Compared to the year before, an iconic sludge through the Amazon in Land Rover One Tens, it was all change as Discoveries crossed the Siberian taiga. But the Disco had more than proven itself, and a new era in Camel Trophy had begun.
Camel Trophy 1991: Tanzania-Burundi
Winners and Team Spirit Award: Menderes Utku & Bulent Ozler (Turkey)
Special Tasks Award: Joseph Altman & Peter Widhalm (Austria)
Trucks: Discovery 1 5-door 200tdi (teams), Land Rover One Ten (support)
For 1991, the Camel Trophy returned to Africa, this time to trace the route of Dr. David Livingstone's 1866-71 expedition to trace the source of the Nile. The teams flew into Dar es Salaam, Tanzania on a Swissair charter flight from Zurich, heading west into some of the most classic African landscapes.
Like many years, the route taken by Camel Trophy would be much easier in the dry season, but the event was undertaken in the wet season for maximum drama. From Dar es Salaam, they headed generally westward, towards Lake Tanganyika, and into Burundi and the finish at Bujumbura. The scenery was classic Sub-Saharan Africa, from the wildlife to the terrain.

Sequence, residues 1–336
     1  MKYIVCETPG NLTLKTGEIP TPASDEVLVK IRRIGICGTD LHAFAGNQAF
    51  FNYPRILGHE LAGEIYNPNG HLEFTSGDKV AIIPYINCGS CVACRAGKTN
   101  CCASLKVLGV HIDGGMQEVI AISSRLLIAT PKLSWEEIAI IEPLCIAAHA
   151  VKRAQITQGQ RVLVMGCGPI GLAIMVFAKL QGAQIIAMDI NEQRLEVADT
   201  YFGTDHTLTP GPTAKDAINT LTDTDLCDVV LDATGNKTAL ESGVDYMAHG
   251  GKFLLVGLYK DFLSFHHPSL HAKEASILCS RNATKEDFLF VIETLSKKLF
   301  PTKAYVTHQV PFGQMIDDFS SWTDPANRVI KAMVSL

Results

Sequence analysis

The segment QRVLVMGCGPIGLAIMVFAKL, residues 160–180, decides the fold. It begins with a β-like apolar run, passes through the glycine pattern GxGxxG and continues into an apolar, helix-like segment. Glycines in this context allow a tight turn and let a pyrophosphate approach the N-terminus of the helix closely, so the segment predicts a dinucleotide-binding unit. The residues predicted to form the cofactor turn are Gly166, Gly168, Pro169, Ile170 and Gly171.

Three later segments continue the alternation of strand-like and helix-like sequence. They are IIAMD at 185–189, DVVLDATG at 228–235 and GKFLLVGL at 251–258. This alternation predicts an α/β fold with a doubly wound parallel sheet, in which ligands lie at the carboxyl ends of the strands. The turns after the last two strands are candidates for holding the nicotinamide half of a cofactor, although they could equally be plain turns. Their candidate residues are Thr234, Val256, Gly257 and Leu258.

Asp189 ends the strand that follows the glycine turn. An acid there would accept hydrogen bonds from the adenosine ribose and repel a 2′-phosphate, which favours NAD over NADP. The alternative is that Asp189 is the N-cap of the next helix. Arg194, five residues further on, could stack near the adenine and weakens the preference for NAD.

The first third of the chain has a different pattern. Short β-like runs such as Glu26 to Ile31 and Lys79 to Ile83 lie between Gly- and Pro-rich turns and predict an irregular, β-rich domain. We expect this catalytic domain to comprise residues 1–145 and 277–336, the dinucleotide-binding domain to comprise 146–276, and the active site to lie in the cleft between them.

This was the first year that the event was judged partially on a points scale, taking more uncertainty out of the awards. A third prize was also added to the flagship Camel Trophy and the Team Spirit Award, with a team now able to win a Special Tasks Award solely for their performance there. The overall winner of the Camel Trophy was now judged on a combination of all of the elements of all of the prizes.
The Discoveries -- this year 5-door models -- along with support Defender 110s and Defender 127s completed the 1,100-mile route, with a new record again this year of 17 nations participating. The Turkish team would win the Camel Trophy and Team Spirit awards, while the Austrians won Special Tasks.